Christopher McNally

Adjunct Senior Fellow, Office of External Affairs
christopher.mcnally [at]
Ph.D., Political Science, University of Washington
Area of Expertise: 

China’s capitalist transition and industrial/financial reforms; International and comparative political economy; East Asia security issues

Dr. Christopher A. McNally is a political economist studying the interests, institutions, and ideas underlying formations of capitalism. At present, his research focuses on contemporary varieties of capitalism, in particular the nature and logic of China's capitalist transition. He is also working on a book project that studies the implications of China's capitalist renaissance on the global order.

Dr. McNally has held fellowships conducting fieldwork and research at the Asia Research Centre in West Australia, the Institute of Asia Pacific Studies at the Chinese University of Hong Kong, and at the Shanghai Academy of Social Sciences. He received his Ph.D. in political science from the University of Washington in Seattle.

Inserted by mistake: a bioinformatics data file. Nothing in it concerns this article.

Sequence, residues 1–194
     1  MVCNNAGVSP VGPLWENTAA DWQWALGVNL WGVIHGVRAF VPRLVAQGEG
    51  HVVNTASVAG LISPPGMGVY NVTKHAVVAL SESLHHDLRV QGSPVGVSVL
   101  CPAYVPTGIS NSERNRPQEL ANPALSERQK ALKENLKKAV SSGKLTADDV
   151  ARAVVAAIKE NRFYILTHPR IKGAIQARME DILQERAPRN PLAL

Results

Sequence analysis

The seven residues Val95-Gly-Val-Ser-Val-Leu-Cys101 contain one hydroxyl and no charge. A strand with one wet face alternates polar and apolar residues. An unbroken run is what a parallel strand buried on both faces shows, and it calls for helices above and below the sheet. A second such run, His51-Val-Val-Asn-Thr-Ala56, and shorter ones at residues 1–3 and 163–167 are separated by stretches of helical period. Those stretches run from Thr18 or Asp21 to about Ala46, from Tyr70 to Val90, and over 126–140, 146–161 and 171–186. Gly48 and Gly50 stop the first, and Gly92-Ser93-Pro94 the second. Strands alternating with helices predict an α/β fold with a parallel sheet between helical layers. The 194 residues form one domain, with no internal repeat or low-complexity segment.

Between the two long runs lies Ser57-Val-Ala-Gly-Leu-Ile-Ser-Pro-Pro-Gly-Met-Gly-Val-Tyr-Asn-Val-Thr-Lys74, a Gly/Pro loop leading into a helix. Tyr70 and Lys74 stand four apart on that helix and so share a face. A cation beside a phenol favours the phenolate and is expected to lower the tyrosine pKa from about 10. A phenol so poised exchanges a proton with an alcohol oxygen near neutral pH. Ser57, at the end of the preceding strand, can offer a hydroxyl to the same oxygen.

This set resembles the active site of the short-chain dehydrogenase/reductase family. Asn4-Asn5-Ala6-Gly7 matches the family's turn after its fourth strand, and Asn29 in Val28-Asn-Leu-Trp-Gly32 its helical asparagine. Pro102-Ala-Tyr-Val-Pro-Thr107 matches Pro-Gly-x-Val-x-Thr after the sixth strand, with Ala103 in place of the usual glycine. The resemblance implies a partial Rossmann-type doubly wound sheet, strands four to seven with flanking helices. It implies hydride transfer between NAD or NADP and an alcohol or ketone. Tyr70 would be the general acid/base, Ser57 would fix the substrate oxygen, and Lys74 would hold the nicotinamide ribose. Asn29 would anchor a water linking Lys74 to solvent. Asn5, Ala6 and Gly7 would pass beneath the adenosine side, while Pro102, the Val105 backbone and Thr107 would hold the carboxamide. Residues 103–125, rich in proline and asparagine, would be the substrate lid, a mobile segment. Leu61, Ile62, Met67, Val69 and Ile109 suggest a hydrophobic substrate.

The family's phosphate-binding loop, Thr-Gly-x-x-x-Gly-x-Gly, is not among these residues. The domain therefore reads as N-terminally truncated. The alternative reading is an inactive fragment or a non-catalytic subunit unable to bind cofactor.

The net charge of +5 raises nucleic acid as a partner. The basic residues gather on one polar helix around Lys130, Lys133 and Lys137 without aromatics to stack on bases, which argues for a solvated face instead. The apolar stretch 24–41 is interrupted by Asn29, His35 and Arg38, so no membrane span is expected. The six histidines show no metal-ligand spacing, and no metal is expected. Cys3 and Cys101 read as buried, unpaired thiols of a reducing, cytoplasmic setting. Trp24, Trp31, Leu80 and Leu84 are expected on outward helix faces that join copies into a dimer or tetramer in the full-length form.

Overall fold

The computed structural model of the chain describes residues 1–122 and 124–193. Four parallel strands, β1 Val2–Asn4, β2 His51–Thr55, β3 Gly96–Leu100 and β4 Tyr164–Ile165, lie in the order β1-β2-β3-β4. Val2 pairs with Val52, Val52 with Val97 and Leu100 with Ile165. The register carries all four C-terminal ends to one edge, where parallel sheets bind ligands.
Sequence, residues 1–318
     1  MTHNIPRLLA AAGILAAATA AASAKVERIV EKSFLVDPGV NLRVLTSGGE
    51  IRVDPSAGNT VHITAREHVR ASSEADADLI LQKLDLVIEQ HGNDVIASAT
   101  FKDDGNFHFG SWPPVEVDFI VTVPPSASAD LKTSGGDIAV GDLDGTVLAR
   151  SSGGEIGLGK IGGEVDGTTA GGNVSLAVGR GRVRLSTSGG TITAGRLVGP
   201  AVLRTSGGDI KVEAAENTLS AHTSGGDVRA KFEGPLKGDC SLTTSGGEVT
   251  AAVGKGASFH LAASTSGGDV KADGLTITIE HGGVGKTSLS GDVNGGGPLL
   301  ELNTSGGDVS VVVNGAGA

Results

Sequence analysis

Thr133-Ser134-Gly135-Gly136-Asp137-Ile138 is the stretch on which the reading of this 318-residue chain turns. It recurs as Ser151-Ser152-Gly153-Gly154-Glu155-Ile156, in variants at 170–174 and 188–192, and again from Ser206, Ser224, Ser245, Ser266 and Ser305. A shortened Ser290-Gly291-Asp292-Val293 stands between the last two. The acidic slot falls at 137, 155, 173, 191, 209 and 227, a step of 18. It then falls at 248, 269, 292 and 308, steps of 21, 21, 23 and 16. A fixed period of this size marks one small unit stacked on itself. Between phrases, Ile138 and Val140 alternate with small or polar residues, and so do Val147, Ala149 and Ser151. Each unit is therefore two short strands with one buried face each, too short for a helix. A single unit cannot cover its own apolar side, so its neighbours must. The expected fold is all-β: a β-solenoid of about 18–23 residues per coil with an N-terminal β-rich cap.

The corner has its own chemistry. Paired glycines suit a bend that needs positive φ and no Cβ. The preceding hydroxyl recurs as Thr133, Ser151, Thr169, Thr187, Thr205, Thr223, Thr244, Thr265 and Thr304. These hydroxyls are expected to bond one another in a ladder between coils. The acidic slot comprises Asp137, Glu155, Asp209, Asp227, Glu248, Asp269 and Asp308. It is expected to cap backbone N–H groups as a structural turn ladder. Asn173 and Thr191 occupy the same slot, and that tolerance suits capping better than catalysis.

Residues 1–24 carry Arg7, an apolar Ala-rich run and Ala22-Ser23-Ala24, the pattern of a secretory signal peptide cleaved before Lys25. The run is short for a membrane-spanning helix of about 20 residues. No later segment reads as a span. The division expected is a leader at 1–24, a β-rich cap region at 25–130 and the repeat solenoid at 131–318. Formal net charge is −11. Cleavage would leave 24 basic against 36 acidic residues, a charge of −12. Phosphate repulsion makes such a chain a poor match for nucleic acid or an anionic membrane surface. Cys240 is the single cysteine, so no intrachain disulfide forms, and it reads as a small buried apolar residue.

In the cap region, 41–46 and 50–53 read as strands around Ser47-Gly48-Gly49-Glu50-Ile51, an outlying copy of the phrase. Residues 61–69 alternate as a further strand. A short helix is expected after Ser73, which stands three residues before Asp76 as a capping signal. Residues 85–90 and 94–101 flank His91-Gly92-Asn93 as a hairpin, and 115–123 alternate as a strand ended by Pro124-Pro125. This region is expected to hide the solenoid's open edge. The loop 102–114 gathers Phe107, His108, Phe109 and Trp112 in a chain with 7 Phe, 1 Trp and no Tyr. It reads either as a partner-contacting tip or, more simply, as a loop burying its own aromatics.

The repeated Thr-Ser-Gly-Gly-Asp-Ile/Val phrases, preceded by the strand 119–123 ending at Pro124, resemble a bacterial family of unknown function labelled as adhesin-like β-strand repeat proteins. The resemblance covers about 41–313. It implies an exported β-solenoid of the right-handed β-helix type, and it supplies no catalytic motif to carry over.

He has edited three volumes, including most recently an examination of China's political economy: China's Emergent Political Economy – Capitalism in the Dragon's Lair (Routledge, 2008). He has also authored over a dozen academic articles in journals such as The China Quarterly, Communist and Post- Communist Studies, Business and Politics and World Politics, as well as numerous policy analyses and editorials.


Papers and Publications

"China's Capitalist Transition:  The Making of a New Variety of Capitalism," 2007, Comparative Social Research (special issue on Capitalisms Compared, Lars Mjosset and Tommy H. Clausen, eds.). vol. 24, pp. 177-203.

"Exploring Capitalist Development in Greater China:  A Synthesis," 2006, with Cindy Y.W. Chu, Asian Perspective, vol. 30, no. 2, pp. 31-64.

"Global Capitalism versus Leninist Controls:  'Informatization' and E-Government in the People's Republic of China," 2005, Journal of E-Government, vol. 2, no. 4 (summer), pp. 3-14.

"Sichuan: Driving Capitalist Development Westward," 2004, The China Quarterly, no. 178, June, pp. 426-447.

Related Research Projects: